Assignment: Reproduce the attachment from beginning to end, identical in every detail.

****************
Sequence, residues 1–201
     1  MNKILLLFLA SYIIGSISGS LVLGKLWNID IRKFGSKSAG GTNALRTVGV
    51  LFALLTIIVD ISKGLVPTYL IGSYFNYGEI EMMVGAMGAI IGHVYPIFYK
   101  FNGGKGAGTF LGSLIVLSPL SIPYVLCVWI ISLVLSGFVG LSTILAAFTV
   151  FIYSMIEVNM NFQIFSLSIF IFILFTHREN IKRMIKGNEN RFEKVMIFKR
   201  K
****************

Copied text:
Sequence, residues 1–201
     1  MNKILLLFLA SYIIGSISGS LVLGKLWNID IRKFGSKSAG GTNALRTVGV
    51  LFALLTIIVD ISKGLVPTYL IGSYFNYGEI EMMVGAMGAI IGHVYPIFYK
   101  FNGGKGAGTF LGSLIVLSPL SIPYVLCVWI ISLVLSGFVG LSTILAAFTV
   151  FIYSMIEVNM NFQIFSLSIF IFILFTHREN IKRMIKGNEN RFEKVMIFKR
   201  K